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Family history interview etiquette

Gaining trust

For distant relatives you may not know well, you may have to gain their trust before they'll open up.

Begin by sharing information about yourself and your genealogy research.

Plan to do a series of short interviews. As you become more familiar with each visit, the more your relative will open up. You could theme these interviews ie schooldays, family holidays, daily life at home, wartime experiences etc. Finding family stories in this way may be beneficial if you are planning to write-up your ancestral trail at a later date.

  • Send your questions in advance. Explain that you want stories and memories, not dates, names and places (which older people may struggle with). Reassure them that they do not have to answer all the questions.
  • Put your relative at ease. If you don't know the relative well, he or she may not easily open up to you. Reassure them that you'll let them read and approve your notes (once written up) before anyone else sees them. If they are clearly very uncomfortable with being taped or recorded, switch off and revert to note taking.
  • Keep to the agreed time limit. If you said the interview would last one hour, don't exceed that time. Resist the urge to get every scrap of information at one sitting. Your relative is more likely to agree to a follow-up interview if they know you won't abuse their time.
  • Show your appreciation. No matter how well you know the relative, it doesn't hurt to send a thank you note or leave a small gift after an interview. It's a courtesy that won't be forgotten.

Getting the interview underway

  • Be sensitive. If you know some questions are sensitive, try explaining why you want to know rather than just asking straight out. Remember that many people will not want to speak ill of the dead, and that subjects you consider commonplace may be taboo to someone of a different generation.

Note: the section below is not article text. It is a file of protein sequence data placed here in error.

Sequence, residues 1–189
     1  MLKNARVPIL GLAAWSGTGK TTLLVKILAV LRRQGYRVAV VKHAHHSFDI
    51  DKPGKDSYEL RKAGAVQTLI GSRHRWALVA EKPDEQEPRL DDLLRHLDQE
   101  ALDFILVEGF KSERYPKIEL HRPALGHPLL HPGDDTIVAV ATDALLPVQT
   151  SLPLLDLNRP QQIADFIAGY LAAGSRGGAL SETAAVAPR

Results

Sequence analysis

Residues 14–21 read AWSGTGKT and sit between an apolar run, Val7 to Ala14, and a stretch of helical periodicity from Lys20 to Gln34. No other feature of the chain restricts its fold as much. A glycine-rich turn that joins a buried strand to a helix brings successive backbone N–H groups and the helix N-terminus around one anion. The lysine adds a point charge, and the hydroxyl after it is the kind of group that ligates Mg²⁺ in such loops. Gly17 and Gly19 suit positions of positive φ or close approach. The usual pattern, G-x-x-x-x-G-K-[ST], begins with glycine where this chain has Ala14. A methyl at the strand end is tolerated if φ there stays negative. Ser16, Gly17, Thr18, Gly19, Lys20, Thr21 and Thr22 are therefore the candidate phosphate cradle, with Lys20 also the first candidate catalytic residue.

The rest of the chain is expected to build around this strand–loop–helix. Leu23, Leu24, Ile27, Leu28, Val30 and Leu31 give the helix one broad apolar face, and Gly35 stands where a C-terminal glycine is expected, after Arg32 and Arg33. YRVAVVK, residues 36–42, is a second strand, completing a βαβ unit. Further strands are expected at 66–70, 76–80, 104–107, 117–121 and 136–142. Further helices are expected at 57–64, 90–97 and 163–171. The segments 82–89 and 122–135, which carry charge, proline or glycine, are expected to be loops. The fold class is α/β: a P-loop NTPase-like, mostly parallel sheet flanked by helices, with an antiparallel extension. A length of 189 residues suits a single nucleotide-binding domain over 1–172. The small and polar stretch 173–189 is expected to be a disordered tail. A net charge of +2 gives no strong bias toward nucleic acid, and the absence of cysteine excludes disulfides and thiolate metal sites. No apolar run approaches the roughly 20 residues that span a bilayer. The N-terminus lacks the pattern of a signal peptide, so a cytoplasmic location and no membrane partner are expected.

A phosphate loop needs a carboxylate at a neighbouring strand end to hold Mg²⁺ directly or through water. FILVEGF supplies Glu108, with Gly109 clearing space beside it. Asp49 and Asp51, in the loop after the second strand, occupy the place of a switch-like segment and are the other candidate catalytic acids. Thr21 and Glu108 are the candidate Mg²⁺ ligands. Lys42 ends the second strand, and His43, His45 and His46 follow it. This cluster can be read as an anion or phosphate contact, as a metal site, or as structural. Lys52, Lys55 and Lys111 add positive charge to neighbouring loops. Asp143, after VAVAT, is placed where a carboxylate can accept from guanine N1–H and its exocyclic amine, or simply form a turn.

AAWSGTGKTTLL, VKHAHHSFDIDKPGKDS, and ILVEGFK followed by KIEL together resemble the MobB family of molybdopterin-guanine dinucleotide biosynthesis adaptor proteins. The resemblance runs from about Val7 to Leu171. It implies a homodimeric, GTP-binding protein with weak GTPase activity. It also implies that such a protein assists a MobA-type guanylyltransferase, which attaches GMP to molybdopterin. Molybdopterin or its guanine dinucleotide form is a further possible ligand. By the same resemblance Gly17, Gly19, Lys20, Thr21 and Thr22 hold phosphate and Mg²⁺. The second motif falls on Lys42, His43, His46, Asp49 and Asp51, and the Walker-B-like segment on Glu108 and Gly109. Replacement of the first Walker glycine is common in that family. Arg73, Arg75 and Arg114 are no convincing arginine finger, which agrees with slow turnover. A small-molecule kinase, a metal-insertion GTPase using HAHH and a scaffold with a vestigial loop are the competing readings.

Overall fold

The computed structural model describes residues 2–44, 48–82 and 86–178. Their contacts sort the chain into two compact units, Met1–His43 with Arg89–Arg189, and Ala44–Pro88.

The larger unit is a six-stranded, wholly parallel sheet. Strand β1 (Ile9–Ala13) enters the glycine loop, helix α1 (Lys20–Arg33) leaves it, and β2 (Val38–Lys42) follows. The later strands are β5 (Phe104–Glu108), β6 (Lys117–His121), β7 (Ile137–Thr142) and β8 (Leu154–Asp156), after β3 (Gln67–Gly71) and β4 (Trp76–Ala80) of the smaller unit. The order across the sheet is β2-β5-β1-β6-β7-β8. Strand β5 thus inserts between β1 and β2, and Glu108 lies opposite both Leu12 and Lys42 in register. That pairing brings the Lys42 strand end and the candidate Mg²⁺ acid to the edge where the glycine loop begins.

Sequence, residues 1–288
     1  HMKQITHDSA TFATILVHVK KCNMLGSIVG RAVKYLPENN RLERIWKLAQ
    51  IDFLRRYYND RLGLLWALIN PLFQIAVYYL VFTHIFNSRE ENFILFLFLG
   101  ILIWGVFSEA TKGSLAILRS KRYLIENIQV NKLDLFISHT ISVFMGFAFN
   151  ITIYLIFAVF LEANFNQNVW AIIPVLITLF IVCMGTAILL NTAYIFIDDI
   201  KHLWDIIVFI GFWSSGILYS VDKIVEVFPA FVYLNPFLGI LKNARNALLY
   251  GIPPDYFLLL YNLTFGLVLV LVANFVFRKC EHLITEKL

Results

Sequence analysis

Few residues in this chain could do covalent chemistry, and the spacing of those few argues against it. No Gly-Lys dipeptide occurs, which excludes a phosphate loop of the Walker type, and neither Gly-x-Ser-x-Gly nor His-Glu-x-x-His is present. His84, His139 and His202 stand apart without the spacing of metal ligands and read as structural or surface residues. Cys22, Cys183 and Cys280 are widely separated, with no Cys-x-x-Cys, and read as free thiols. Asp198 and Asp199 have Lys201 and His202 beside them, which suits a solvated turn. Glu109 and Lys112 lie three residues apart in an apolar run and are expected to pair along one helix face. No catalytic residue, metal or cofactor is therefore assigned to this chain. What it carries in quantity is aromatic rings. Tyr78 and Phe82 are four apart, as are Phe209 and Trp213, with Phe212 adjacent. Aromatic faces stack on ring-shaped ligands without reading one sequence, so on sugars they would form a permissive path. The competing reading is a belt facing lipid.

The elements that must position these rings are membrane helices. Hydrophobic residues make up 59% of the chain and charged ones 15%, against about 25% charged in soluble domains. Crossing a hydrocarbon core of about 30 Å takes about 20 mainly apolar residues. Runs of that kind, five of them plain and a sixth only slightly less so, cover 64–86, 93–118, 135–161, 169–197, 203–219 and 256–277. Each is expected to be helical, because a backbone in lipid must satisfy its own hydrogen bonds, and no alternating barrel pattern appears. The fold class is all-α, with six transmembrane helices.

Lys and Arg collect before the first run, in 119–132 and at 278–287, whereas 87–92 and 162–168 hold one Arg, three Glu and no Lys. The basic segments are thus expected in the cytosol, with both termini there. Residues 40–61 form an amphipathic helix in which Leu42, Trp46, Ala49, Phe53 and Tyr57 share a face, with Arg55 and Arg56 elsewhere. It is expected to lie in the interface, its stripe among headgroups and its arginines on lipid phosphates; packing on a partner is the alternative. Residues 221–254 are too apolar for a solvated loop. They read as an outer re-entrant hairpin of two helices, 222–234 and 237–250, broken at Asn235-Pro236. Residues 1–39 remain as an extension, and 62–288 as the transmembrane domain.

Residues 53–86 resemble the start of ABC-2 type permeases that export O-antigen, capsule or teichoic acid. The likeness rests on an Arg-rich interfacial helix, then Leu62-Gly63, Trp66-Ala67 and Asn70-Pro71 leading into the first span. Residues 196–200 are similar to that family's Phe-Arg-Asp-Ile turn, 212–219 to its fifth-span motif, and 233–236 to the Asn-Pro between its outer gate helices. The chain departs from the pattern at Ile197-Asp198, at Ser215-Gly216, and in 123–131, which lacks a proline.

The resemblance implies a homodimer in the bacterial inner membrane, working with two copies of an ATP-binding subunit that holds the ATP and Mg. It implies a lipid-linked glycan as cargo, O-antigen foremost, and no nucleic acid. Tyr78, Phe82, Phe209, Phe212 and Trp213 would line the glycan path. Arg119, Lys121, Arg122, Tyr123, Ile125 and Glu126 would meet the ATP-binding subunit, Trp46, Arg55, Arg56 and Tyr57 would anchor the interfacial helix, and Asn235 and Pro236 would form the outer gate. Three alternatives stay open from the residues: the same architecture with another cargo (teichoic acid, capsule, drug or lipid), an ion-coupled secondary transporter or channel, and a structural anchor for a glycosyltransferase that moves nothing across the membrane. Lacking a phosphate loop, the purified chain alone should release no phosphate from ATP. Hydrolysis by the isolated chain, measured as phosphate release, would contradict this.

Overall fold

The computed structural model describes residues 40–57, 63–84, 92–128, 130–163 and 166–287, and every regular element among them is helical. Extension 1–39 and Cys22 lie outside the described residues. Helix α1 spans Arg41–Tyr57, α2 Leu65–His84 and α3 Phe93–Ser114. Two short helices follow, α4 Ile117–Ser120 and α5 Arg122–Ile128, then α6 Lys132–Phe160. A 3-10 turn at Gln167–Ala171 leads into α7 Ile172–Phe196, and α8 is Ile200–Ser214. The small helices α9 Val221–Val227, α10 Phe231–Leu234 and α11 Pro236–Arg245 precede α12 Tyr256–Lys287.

• Show your interest. People love to talk about themselves to someone who seems genuinely interested in them. You will get the best from your interview if you demonstrate interest and curiosity by listening carefully, and encouraging them to personalise their experiences ie when they describe something that happened, ask them how they felt about what happened.
  • Ignore inaccuracies. Recollections are often incorrect. Names may be confused, times and dates may mesh together, and older relatives may confuse one family member with another. Don't correct them, even if you have documentary evidence that contradicts what your relative is telling you. Let him or her tell you the way they remember it. Just make a note of the discrepancy, and move on.
  • Listen! Ask a question and then wait for a response. Allow silences (you have to give your relative time to think). Don't interrupt.

Telephone interviewing

You'll get the best from your interview if you do it face to face. Unfortunately, this isn't always practical.

Next best for this type of research interviewing is the telephone. Follow these tips:

  • Write or call in advance to set up a convenient time for the interview.
  • Accept the costs of the call. If your relative is mindful of long-distance phone charges, he or she may not relax, and may answer questions without the elaboration that you are after.
  • If possible, record the interview using a cheap phone recording device.
  • Keep the interview to an hour, maximum. If the interview has gone well and you are still finding family history gems after an hour, schedule a follow-up call.
  • Allow silences. This can be even more difficult over the phone, but you must give your relative time to think.
  • Over the phone, use your voice to show you are listening. Respond appropriately to the story you are hearing.